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Protest against police violence after Charleroi death in custody
About 50 people joined a demonstration against police violence in Brussels on Saturday in response to the death of a Slovak man in police custody at Charleroi airport.
While the incident happened in February 2018, CCTV video footage only emerged this month, showing several officers putting a blanket over 39-year-old Jozef Chovanec's head and kneeling on his back for more than 15 minutes.
The police in the video can be seen laughing and doing dance moves. At one point, one officer makes a Nazi salute towards the cell door.
Chovanec was eventually given a sedative and suffered a heart attack. He was taken to hospital, where he died in a coma a few days later.
Demonstrators gathered on Boulevard de Waterloo, close to the Justice Palace and other federal justice ministry buildings, to call for better police training - and for the political world to strongly condemn what happened.
One protester told RTL: "When I saw the video, I had the same reaction as when I saw that of George Floyd in the United States."
Another added: "They want us to believe that these acts only occur in the United States. These are no longer isolated cases. It's starting to scare us. We no longer feel safe and protected by our police."
Flemish minister-president Jan Jambon (pictured above), who was Belgium's interior minister at the time, said he had not been aware of the severity of the case.
Shortly after the incident, the foreign affairs ministry asked Jambon's office for further details on the case, after Slovakia's ambassador in Brussels demanded answers from the government.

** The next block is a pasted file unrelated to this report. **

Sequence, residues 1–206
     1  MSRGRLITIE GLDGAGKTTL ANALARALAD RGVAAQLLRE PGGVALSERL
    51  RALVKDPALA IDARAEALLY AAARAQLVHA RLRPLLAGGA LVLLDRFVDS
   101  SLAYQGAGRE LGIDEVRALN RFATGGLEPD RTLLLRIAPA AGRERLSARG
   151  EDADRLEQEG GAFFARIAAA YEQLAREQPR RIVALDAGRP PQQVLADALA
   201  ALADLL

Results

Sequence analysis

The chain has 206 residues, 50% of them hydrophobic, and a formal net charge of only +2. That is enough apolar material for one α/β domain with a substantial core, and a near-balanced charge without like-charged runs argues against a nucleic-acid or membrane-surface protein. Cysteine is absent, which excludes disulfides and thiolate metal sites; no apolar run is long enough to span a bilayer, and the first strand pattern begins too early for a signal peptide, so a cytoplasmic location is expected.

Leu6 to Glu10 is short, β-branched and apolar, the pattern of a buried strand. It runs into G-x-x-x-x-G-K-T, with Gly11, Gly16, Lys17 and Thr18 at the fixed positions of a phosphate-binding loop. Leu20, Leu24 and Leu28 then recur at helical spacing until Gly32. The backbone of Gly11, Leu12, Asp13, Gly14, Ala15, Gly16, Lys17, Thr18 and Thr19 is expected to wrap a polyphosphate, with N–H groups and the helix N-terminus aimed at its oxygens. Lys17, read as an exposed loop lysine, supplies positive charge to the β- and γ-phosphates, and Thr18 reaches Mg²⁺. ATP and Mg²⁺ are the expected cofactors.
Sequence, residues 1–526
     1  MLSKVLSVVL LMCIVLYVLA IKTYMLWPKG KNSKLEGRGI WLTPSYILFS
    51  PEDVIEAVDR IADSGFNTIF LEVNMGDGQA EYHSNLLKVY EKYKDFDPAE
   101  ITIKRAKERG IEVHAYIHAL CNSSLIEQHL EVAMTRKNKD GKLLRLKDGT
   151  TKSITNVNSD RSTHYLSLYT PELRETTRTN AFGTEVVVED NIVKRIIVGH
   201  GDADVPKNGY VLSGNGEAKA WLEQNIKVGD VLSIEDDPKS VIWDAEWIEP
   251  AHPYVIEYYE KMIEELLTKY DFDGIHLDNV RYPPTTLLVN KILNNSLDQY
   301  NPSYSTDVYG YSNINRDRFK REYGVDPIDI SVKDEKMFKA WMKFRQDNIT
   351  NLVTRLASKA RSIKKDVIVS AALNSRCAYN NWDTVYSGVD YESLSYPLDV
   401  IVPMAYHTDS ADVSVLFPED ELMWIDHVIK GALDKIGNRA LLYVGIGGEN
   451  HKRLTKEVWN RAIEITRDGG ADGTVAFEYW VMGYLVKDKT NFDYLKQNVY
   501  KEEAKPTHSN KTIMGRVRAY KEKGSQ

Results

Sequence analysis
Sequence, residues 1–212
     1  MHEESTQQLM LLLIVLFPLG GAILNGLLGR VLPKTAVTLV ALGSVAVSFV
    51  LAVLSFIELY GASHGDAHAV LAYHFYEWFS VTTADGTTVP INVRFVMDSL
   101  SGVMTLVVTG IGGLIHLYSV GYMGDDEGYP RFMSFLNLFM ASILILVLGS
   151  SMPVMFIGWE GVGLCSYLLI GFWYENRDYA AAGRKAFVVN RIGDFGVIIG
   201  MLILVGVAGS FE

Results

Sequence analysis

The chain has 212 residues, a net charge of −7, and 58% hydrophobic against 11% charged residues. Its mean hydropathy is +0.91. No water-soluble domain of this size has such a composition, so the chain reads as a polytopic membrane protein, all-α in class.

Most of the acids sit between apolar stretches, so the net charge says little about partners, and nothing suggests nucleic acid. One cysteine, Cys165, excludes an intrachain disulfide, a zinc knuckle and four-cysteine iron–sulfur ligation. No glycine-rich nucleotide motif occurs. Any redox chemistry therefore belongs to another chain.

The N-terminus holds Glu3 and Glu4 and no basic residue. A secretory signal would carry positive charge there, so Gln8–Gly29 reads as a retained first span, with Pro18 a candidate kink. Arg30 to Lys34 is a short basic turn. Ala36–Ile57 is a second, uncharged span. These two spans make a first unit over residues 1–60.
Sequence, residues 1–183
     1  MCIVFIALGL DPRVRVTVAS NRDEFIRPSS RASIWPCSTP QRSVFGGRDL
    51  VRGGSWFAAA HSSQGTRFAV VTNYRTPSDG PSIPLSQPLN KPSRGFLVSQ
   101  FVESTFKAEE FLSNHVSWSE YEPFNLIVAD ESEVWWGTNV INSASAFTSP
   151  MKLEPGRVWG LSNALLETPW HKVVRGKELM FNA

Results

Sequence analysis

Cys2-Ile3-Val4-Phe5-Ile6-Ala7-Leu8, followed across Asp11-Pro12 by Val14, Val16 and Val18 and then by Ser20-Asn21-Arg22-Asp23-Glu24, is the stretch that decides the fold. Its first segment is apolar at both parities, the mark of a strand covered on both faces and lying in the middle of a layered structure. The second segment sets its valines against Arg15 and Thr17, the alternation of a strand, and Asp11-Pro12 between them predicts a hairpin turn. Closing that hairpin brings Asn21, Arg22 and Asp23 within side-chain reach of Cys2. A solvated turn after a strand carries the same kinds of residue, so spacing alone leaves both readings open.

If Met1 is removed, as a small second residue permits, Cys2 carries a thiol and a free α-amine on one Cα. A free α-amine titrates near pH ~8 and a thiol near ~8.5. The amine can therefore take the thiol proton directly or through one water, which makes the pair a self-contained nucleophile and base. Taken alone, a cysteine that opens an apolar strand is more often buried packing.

Jambon said the information his office had at the time did not indicate any police misconduct. "The police report received at the time indicated that there was some tension, but showed no obvious errors during the arrest.
"In 2018, we were not aware that the CCTV footage existed. These terrible pictures only appeared this summer. When I saw them, I was like everyone else.
"I immediately asked myself: 'Do I remember anything about this?'. But what I saw in these pictures was new."
The case was soon passed on to Belgium's independent police complaints watchdog, Comité P. "No error was made in the handling of this case," Jambon said.
He is due to give further evidence to the federal parliament's interior and justice committees this Tuesday, alongside Belgium's current and previous commissioner general of the federal police.
The victim’s wife in Slovakia finally went to the press because of the length of time that the investigation has dragged on. Charleroi’s public prosecutor said that there had indeed been delays but that the investigation was nearly complete.
Photo: Nicolas Maeterlinck/Belga